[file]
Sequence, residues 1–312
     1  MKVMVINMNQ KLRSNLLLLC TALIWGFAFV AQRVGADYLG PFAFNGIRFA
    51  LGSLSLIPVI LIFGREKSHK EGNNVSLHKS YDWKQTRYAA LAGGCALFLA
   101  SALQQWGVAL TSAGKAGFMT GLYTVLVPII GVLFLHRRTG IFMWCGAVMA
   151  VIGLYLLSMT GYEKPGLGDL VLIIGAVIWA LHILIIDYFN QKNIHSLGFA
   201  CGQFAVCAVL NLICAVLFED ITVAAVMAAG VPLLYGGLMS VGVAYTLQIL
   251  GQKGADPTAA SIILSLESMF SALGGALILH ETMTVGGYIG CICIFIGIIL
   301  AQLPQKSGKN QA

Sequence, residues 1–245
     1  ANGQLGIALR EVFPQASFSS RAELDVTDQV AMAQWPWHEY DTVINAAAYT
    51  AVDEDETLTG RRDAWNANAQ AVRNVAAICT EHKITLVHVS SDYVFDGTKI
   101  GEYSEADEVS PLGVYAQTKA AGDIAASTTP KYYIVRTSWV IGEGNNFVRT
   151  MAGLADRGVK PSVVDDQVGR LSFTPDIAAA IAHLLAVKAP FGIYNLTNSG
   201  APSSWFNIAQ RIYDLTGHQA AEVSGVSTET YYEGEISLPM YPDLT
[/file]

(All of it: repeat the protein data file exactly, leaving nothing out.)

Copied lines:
Sequence, residues 1–312
     1  MKVMVINMNQ KLRSNLLLLC TALIWGFAFV AQRVGADYLG PFAFNGIRFA
    51  LGSLSLIPVI LIFGREKSHK EGNNVSLHKS YDWKQTRYAA LAGGCALFLA
   101  SALQQWGVAL TSAGKAGFMT GLYTVLVPII GVLFLHRRTG IFMWCGAVMA
   151  VIGLYLLSMT GYEKPGLGDL VLIIGAVIWA LHILIIDYFN QKNIHSLGFA
   201  CGQFAVCAVL NLICAVLFED ITVAAVMAAG VPLLYGGLMS VGVAYTLQIL
   251  GQKGADPTAA SIILSLESMF SALGGALILH ETMTVGGYIG CICIFIGIIL
   301  AQLPQKSGKN QA

Sequence, residues 1–245
     1  ANGQLGIALR EVFPQASFSS RAELDVTDQV AMAQWPWHEY DTVINAAAYT
    51  AVDEDETLTG RRDAWNANAQ AVRNVAAICT EHKITLVHVS SDYVFDGTKI
   101  GEYSEADEVS PLGVYAQTKA AGDIAASTTP KYYIVRTSWV IGEGNNFVRT
   151  MAGLADRGVK PSVVDDQVGR LSFTPDIAAA IAHLLAVKAP FGIYNLTNSG
   201  APSSWFNIAQ RIYDLTGHQA AEVSGVSTET YYEGEISLPM YPDLT